So I thought I’d compile a list of moodchangers. These are things that can help me push the mental “reset” button on those days when there’s just too much conflict or stressful stuff coming at me.  They work for me; they just might work for you, too.  (And please share your favorite moodchangers below.)

*A brief walk, especially morning or evening when the pace of life seems a little different (slower).  It is meditative and renewing, even if it’s just around the neighborhood.

*A baby to hold or admire or smile at.  (And if the baby smiles back, well, that’s just the best.)

*Sitting at my prayer desk with a scented candle burning and a rosary in my hand. I  don’t even have to be praying the rosary; in fact, I usually don’t pray it the conventional way.  Just holding onto it grounds me.

*The ocean.  I don’t get there nearly often enough, but when I do, it puts a new spin on everything.


*A cup of tea.

*Flowers, in a vase on my table or in a garden outside.  Even a photo of pretty flowers can make me feel better.



*A song like this one, by John Goodall (it happens to be the theme song from the British series “The Vicar of Dibley” — another thing that can instantly lift my spirits).  This melody has soothed me and calmed me I do not know how many times.

*A butterfly, or a hummingbird.  Catching a glimpse of these little winged creatures make me stop whatever I’m doing to watch, and makes me instantly happy.

*Hugs from my boys.  I love it, the feel of their skinny arms and little bodies.  I think it’s the best moodchanger of all.


November is …


November is …

…leaves turning orange and red.

….needing a comforter on the bed.

…darker evenings, more indoor time, more indoor play — a time of year when there are even more toys all over the floor than usual, but somehow, it’s cozy.

…planting bulbs in hopes of a colorful spring.  (There’s always such suspense around bulbs, isn’t there?  Will they bloom, or won’t they?)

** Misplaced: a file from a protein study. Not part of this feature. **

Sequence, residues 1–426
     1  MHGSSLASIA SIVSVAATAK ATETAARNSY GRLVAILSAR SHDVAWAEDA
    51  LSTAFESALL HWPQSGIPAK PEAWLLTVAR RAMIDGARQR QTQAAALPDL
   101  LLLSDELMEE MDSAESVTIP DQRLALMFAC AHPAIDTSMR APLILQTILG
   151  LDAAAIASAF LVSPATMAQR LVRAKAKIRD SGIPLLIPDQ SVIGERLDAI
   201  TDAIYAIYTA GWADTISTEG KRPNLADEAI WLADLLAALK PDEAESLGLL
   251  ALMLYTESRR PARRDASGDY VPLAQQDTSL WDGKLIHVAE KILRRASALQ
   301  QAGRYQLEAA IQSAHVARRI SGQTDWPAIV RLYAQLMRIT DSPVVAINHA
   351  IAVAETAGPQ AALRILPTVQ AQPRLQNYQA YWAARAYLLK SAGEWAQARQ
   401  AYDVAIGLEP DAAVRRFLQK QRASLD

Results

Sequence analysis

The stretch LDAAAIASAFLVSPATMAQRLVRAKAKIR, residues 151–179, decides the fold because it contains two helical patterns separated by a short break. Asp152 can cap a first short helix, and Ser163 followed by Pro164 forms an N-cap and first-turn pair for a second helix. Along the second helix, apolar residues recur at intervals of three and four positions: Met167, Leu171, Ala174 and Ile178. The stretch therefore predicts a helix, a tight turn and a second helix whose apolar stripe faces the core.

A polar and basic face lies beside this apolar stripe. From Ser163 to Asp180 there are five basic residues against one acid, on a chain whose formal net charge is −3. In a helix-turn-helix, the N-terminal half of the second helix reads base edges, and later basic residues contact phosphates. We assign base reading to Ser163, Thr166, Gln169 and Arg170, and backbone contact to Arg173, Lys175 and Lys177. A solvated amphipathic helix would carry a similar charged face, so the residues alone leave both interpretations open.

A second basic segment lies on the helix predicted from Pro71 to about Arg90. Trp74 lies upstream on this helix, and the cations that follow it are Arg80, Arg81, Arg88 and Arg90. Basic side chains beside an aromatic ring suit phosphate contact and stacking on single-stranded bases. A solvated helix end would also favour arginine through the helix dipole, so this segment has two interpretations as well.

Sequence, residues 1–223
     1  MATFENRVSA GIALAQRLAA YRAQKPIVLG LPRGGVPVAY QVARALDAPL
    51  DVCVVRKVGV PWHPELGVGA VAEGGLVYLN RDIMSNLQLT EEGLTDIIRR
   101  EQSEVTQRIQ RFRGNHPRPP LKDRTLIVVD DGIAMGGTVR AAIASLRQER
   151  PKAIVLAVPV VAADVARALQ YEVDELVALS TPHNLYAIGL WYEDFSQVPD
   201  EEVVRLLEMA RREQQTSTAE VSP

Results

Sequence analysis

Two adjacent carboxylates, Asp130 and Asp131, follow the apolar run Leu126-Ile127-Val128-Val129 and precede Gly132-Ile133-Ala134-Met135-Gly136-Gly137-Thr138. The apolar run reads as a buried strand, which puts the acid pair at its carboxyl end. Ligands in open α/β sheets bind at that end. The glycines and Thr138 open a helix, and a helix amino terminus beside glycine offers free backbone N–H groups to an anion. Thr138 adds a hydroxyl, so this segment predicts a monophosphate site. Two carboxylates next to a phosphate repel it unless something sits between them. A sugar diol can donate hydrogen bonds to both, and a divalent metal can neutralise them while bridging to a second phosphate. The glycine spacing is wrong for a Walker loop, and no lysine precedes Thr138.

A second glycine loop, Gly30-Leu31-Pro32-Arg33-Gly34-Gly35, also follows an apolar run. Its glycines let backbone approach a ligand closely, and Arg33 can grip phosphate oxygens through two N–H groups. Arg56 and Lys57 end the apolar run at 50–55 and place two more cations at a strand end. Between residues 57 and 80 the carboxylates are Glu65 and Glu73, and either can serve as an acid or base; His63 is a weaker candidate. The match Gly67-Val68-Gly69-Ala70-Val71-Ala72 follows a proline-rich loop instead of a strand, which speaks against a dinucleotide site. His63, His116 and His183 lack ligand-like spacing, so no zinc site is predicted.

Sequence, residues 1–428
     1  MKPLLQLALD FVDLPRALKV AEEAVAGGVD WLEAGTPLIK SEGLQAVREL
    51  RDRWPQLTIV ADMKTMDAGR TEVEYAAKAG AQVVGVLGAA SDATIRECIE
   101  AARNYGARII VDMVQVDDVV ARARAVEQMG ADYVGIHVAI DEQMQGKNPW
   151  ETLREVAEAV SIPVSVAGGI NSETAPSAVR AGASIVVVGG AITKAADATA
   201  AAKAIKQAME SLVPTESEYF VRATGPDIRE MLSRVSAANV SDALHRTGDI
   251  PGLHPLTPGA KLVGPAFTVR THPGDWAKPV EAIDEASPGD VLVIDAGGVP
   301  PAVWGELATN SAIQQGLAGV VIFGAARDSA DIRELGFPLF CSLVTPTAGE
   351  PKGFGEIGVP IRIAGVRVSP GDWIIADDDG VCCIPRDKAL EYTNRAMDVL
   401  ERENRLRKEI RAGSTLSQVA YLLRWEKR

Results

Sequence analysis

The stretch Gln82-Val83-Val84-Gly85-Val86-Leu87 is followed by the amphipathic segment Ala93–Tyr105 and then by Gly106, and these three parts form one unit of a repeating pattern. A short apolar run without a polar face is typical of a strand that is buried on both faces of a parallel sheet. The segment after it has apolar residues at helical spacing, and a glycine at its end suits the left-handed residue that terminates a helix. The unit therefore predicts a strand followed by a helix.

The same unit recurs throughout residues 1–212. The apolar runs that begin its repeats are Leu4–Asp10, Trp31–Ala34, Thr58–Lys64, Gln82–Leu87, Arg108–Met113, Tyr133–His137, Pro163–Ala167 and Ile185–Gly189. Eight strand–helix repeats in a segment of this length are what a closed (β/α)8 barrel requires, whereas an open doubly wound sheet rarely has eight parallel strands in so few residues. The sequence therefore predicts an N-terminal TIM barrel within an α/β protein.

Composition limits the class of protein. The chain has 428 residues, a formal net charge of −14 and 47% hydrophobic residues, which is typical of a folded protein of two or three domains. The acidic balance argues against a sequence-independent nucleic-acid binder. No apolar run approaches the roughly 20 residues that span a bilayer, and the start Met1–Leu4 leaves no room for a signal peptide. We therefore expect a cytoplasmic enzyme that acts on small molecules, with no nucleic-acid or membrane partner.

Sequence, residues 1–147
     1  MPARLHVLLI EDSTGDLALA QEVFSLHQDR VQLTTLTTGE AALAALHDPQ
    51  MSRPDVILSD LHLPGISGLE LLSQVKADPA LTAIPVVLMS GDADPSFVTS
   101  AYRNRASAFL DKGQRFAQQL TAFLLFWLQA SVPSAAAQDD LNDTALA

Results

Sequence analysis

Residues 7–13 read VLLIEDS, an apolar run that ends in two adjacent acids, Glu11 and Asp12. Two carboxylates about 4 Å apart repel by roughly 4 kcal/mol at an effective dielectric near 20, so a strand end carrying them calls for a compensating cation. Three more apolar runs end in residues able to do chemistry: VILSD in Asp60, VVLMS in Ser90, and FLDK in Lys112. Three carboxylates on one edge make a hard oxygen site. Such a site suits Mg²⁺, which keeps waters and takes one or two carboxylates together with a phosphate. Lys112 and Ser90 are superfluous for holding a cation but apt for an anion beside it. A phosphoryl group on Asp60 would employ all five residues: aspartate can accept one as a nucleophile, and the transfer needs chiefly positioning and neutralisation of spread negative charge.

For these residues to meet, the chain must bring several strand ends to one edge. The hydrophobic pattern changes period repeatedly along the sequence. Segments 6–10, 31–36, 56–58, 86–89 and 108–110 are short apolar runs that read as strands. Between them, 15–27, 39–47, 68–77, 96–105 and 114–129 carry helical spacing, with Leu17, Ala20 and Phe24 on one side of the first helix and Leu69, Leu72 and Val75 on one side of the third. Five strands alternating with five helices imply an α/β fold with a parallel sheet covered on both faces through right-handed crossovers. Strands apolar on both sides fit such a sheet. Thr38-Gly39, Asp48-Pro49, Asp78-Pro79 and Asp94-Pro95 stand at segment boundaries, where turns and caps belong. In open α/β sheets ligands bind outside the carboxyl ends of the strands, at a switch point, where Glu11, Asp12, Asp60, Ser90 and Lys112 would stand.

…praying for and remembering the dead, in keeping with Catholic tradition.  I like listening to this setting of the Litany of the Saints all year, but especially this month:

…finally having a fire in the fireplace.

…pulling out some of our favorite Thanksgiving books and reading them with the kids.  Something about Cranberry Thanksgiving and Thanksgiving Is Here!  always makes me feel happy.




…Pumpkin everything.  Somehow, it seems premature to eat it until November.

…Warm, comforting drinks, like this chai I made the other day.  My friend Hemali gave me a jar of mixed chai spices to use – peppery, sweet,  and wonderful.


What does November mean to you?

Tuesday talk: Tune in to hear an interview with yours truly!


Hi everyone!

This Tuesday the 27th, I’m delighted to be a guest on the radio show An Engaging Faith with host Elizabeth Reardon. Tune in here at 1 pm Pacific Time/4 pm Eastern Standard.

Happy week to all!

Tea and spirituality



“Do you take coffee or tea?”  Some people are firmly in one camp or the other, but I believe in the power of both.   If I want to get out the door in the morning, I rely on a commuter mug of joe,  but if I want to take a quiet reflective pause in the evening, I put on the teakettle.

I guess it’s fair to say that coffee fuels my body, but tea fuels my soul.

Tea and prayer really are a perfect pairing.   Something about this drink seems to invite and create a powerful, contemplative frame of mind.  I think there are a few reasons for this.

1) Brewing tea is a ritual, and I’m big on those when it comes to prayer.  Filling the kettle, plunking it on the burner, hearing the catch of the gas as it lights, picking a teabag from my extensive collection (my husband wonders how I can possibly have a whole shelf devoted to tea), waiting for the whistle, pouring the hot water and watching the water turn to amber … it’s something I know by heart.  In all the things life throws at me (Sick kid! Big change at work!  Car trouble!), it is lovely to have a constant.

It’s one of the reasons I love the Mass, in fact.  We need some things to be as familiar as breathing.

2) Tea makes you slow down.  You can’t gulp it; it’s not Gatorade or beer.  You have to sip it at a leisurely pace, especially if you take it black as I do, without the cooling properties of milk.  You can’t rush a cup of tea, and since life makes me rush almost everything else, I love this forced pause.

Pret-tea tin, isn't it?  (the taste is amazing, too)

Pret-tea tin, isn’t it? (the taste is amazing, too)

3) Tea involves the meeting of multiple senses.  There’s the sound of the boiling teakettle.  There’s the heat of the cup in my hands.  There is the fragrance curling up to my nose.  There is the taste of the tea on my tongue.  There’s the gradual darkening of the tea as I steep it.  Sometimes there is even the visual feast of a floral teacup or a particularly pretty kind of tea packaging.  And savoring  these senses is a potent prayer to the One who gave them to us in the first place.

But enough writing;   I’m going to put the kettle on.  Care to join me?